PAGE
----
Using comics to teach difficult concepts

Complex topics in a range of disciplines can be very difficult to explain using traditional teaching methods. Even when greatly simplified, words alone frequently fail to assist students’ understanding of many concepts.

The challenge is increased further for students whose reading or academic literacy skills are underdeveloped or for students with English as an additional language.

The legal, insurance and banking sectors among others have also identified the need to actively find ways to make legal concepts, for example, easier for lay people to comprehend.

Using visualization to explain complex concepts

Visualization and storytelling techniques such as comics provide a novel way to solve this problem. Research is beginning to suggest that explaining legal principles through imagery and running narratives is a more engaging and memorable technique compared with traditional textual and auditory methods.

We created a series of comic books to explain and simplify complex legal principles in core law and non-law tertiary programs. This supplementary learning tool incorporates innovative visualization and narrative techniques scientifically proven to enhance the student learning experience. Our students enjoyed the novelty of reading comics to support their learning as well as improve their academic performance. We surveyed our students over the two years of using this approach and 89 per cent reported that the comics had significantly improved their understanding of the target legal concepts.

Importantly, this resource is supplementary to traditional teaching methods and materials such as lectures, prescribed readings and presentation slides. This ensures that your teaching is catering for diversity by enabling all learners to engage with the concepts through multiple means.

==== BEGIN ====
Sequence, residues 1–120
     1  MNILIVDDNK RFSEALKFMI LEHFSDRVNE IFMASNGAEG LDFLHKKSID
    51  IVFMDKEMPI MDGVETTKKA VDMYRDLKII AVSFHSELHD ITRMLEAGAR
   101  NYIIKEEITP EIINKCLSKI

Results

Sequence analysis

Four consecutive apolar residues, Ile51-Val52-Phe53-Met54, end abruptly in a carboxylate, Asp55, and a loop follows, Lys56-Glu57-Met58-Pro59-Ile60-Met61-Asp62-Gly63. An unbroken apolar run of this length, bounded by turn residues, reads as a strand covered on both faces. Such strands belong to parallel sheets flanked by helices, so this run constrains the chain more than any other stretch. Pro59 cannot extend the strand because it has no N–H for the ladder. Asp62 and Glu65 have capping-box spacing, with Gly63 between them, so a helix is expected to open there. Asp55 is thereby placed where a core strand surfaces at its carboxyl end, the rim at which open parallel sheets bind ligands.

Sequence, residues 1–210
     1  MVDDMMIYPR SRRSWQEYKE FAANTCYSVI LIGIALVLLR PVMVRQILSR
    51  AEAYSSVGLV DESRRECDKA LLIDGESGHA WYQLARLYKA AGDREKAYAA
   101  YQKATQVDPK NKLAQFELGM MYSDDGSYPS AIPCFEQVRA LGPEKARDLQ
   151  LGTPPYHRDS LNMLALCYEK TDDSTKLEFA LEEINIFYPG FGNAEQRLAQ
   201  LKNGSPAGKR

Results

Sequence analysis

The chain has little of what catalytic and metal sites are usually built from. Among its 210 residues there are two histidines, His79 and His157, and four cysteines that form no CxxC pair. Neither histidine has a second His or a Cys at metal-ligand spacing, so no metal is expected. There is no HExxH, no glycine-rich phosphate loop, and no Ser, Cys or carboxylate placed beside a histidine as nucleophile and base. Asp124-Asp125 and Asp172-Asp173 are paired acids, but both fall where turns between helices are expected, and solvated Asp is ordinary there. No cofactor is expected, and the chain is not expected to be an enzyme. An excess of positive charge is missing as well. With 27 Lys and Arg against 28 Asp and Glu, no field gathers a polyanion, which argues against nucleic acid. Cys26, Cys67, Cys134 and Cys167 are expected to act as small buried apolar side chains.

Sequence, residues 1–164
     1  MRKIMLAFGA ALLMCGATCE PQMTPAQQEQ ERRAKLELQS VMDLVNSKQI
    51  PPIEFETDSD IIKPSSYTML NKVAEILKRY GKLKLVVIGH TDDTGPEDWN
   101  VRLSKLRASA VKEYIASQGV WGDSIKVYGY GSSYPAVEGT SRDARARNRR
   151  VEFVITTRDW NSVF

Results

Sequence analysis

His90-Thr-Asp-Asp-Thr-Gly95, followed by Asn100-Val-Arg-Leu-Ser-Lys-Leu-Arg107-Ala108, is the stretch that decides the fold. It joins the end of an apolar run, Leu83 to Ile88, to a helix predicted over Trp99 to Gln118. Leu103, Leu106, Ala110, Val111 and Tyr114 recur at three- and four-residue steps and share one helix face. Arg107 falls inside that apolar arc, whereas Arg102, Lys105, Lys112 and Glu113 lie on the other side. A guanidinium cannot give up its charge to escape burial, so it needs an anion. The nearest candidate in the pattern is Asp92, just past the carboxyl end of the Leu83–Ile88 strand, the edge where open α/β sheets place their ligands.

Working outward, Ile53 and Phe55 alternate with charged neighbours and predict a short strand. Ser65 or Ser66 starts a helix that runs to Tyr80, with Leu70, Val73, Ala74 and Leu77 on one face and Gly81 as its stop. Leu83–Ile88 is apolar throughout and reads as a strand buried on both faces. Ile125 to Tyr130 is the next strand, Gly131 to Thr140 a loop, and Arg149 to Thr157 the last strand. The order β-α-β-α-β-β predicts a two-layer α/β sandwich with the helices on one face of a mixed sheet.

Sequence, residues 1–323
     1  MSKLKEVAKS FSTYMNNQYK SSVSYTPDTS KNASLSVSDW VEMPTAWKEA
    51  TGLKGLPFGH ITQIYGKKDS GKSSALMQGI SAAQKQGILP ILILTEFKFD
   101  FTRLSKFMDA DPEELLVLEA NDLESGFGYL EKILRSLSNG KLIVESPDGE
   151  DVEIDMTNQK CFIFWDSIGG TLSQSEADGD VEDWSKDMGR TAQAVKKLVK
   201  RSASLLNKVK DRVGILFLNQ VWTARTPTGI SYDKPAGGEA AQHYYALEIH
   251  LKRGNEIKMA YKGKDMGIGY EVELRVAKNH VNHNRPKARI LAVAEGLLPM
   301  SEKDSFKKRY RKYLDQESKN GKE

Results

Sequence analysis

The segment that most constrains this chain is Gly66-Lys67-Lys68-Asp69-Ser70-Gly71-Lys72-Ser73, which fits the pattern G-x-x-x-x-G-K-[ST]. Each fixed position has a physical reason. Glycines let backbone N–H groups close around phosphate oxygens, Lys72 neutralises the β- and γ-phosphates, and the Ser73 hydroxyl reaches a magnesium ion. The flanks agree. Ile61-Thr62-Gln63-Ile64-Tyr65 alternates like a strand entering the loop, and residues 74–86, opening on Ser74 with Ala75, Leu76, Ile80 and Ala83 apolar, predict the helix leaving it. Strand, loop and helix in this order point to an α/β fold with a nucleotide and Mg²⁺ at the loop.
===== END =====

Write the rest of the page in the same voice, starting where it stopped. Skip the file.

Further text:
How to use and adapt this technique

If your course covers difficult topics, this approach has enormous potential to create a more effective and inclusive learning experience. The visualization can be developed using a relatively simple method.

  1. Generate a rough storyline and characters to form the basis of the comic.
  2. Consider ways to thread the topic principles into the storyline and character narratives.
  3. Either write a script with dialogue between characters or try to storyboard the comic with panels indicating each fragment of the story (as with traditional comic books).
  4. Find someone who can draw! We engaged a professional to generate refined versions of our scripts and storyboards. Alternatively, your institution may have educational technologists who could suggest a tool to create the final product or production teams who could animate the visualisation.
  5. Review for flow, accuracy, interest and length. Edit as required.
  6. Finalize comics and promote as supplementary learning resources within your course.

You don’t need to be overly creative or a good artist to come up with a draft comic idea. You can apply the same thought process that you use to come up with scenarios for problem-based questions. The difference is that you are now trying to create a visual version. Pictures can replace many of the words that would have been needed to explain the scenario.

More tips to make your comics more effective

Students told us the following features made our comics successful:

  • simple, easy-to-follow storylines that strategically incorporate legal terms and principles
  • frequent use of humor
  • occasional inclusion of novel but unrelated facts that relate to the character dialogue
  • vibrant color schemes
  • realistic scenarios that might plausibly arise in practice but which are distinct from one another.

It is little wonder that the legal industry is starting to experiment with visualisation, particularly converting traditional, text-based contracts to picture-based contracts. This technique has enormous potential in the tertiary education space.

Our resource proved to be a successful supplementary learning tool, and we are in the process of making more. We strongly encourage you to consider trialling this technique. It might just be the difference for students grappling with complex legal principles.

Mark Giancaspro is a lecturer and practicing commercial lawyer at the University of Adelaide Law School.

David Brown is an expert in insolvency and personal property securities law and is associate dean of learning and teaching at the University of Adelaide Law School.

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